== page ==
(Updated Dec 2019.)
DNA tests have become increasingly popular, but people are still not sure of the accuracy, or necessarily the reliability of these tests. Is it money well-spent or wasted?
Here is what to know.
Where to buy Dog DNA tests
If you have your heart set on buying, and just want to know where to get them, you can buy these tests online or at participating retailers. Currently Amazon, being the biggest and most trusted online retailer in the world, is the easiest and fastest place to buy DNA tests, but as we are an Amazon affiliate and will earn a small commission at no cost to you should you decide to buy, of course would love for you to buy your tests on Amazon.
However, you can also buy DNA tests online from the brand retailers such as Embark or the Mars veterinary who carries the Wisdom Panel. Many pet stores carry them as well.
Which dog DNA Test to Buy?
While are all sorts of different tests that you can buy, the two make the top of the list that you should consider: Embark and Wisdom Panel
Wisdom Panel used to be the go-to test for DNA testing in dogs. It has been around for years now and has an extensive database. At the time, it was also the only one doing MDR1 drug sensitivity screening. Experience counts for something.
In both cases, their databases will be continuing to grow over time.
Where as Embark’s researchers spent over a decade collecting data before developing selling the kits publicly, and one research publication published in 2018 suggests their sample size is at least greater than 6000, it has been difficult to determine just how larger the sample size is.
- Over 200,000 genetic markers, giving more than a 100 times the information than even of Wisdom panel.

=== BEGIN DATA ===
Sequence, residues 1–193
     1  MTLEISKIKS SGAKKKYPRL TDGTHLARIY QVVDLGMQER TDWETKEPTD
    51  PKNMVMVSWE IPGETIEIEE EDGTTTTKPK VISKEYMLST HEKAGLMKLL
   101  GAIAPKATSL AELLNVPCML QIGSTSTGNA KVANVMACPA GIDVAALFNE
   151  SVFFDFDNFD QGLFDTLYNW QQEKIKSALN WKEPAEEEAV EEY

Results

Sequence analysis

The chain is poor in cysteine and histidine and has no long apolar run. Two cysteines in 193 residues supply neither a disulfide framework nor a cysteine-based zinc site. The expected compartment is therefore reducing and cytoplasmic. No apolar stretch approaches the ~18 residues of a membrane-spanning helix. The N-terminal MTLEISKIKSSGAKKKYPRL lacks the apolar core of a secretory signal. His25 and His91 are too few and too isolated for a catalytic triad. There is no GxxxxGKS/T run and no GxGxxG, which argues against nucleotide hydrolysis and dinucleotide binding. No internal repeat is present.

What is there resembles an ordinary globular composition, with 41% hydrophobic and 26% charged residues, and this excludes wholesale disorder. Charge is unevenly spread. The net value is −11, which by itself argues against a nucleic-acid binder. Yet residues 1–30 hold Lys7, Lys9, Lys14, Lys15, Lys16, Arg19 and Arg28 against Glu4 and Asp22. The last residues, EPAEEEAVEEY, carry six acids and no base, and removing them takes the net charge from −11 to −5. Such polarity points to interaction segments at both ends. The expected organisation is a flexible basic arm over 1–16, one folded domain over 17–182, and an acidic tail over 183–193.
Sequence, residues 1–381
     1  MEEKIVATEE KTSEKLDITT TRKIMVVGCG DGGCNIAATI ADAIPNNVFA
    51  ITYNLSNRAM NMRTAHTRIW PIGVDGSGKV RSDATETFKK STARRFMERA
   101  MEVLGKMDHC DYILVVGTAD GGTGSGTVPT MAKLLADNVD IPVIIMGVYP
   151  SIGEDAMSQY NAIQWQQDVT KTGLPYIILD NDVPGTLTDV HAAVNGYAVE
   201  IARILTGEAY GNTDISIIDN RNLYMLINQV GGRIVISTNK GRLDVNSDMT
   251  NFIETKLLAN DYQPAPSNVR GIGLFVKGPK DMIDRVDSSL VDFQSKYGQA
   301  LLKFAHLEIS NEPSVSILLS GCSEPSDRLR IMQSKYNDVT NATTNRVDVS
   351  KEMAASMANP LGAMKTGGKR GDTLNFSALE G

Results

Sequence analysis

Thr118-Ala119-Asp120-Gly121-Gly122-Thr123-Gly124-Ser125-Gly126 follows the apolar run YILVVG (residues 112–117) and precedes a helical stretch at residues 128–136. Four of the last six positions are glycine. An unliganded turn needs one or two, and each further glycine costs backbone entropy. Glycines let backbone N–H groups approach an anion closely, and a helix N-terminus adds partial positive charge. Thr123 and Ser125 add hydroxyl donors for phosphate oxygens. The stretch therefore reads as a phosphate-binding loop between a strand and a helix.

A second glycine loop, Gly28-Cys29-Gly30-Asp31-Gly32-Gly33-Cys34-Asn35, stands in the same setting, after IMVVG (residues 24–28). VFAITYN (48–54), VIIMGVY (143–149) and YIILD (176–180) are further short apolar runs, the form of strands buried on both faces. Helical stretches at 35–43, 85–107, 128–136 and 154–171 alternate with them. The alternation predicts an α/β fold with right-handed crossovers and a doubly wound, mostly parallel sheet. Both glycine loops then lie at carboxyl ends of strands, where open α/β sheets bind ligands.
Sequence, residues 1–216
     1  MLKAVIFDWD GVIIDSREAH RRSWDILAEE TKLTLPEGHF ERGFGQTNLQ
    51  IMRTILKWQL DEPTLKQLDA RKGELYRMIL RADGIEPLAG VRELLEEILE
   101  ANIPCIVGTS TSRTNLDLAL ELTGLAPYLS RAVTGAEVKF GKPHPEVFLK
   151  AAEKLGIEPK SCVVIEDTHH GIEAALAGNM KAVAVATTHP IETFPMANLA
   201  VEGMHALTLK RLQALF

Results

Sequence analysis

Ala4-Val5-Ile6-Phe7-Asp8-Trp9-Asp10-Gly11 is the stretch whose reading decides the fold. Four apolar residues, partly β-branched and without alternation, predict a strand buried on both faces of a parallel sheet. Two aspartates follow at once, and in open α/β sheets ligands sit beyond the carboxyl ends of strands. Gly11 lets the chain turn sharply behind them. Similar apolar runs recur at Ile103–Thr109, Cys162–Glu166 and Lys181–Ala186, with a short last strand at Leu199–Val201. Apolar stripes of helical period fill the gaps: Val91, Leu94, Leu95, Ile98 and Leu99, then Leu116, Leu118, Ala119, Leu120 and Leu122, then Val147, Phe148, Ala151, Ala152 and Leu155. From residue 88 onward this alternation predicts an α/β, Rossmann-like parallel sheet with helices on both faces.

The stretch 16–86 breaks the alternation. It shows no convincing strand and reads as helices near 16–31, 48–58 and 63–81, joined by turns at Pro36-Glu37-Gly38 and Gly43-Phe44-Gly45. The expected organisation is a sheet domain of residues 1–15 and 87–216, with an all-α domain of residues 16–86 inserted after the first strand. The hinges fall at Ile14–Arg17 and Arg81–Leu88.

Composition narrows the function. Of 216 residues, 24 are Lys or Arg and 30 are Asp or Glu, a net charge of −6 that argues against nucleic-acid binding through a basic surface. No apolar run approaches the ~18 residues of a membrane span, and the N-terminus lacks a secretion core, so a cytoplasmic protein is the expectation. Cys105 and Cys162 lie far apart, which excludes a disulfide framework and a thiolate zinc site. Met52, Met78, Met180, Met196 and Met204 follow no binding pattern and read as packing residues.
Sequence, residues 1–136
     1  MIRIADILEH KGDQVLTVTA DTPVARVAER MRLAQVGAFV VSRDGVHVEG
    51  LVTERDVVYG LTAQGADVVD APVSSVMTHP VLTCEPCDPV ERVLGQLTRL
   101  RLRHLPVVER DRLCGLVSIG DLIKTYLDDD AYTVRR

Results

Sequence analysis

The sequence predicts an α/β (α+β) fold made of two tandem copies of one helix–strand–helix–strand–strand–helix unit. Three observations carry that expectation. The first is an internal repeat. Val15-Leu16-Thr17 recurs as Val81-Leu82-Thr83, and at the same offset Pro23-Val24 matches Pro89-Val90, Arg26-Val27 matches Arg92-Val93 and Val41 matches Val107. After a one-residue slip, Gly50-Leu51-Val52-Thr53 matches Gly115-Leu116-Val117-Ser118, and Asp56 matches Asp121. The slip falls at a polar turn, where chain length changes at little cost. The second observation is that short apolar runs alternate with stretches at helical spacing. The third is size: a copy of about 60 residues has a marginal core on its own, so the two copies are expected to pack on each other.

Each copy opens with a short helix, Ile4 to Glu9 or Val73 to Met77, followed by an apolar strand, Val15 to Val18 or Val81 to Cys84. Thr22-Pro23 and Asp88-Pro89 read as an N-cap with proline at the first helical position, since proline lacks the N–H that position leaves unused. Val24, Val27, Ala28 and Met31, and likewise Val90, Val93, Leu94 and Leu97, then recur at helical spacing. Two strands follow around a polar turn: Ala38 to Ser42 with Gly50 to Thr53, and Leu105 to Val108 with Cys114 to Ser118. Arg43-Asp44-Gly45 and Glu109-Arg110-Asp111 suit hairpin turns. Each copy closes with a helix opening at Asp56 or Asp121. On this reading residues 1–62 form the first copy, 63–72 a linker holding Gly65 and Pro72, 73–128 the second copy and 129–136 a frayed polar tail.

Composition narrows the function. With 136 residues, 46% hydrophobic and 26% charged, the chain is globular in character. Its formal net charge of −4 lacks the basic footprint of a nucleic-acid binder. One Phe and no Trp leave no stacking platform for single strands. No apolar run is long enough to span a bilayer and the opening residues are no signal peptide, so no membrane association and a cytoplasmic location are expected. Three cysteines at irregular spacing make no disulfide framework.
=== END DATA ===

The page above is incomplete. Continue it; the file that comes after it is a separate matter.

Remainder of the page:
- All testing is run in a CLIA-accredited lab. Three American federal agencies are responsible for CLIA: The Food and Drug Administration (FDA), Center for Medicaid Services (CMS), and the Center for Disease Control (CDC).
- Contains more in-depth information
- Less chance of having unspecified breed group results
- More expensive
- Has a smaller database
- Longer wait time
The Wisdom Panel
The Wisdom Panel 2.0 DNA test was considered to be 90% accurate (1), however it is difficult to guarantee the accuracy as it depends on the quality of the sample. The test is a detailed analysis that finds the best 5 breed matches based on genetic signatures within the DNA code. It is based on a database as being greater than 15,000. and over 200 different breeds (all of the breed in the AKC). According to Patricia McConnell, applied animal behaviorist who spoke with two of the top people at Mars Veterinary, each dog’s analysis requires 7 millions runs that looks at 321 markers.
The Wisdom Panel’s lab is a USDA-accredited laboratory which is important to note.
Covers 350+ breeds types, and varieties (now including wolves and coyotes up from 200 in the previous tests which means there is more accuracy than the previous tests. Currently Wisdom panel claims the test looks at 1800 markers. However in an American Veterinary Medical Association article in 2017, Unlocking the genetic secrets of your dog, it was reported that they had switched to a panel of 3000 having incorporated the MyDogDNA test in 2015.
- The Wisdom Panel kits was considered to be the best on the market and has a long history in this field. They had and may still have the largest database based on at least 13,000 dogs if not more.
- Run in a USDA-accredited (United States Department of Agriculture) laboratory to ensure proper quality control.
- Less expensive than Embark’s testing
- Testing against 1800 markers opposed to the 200,000 of Embark’s
How reliable are DNA tests?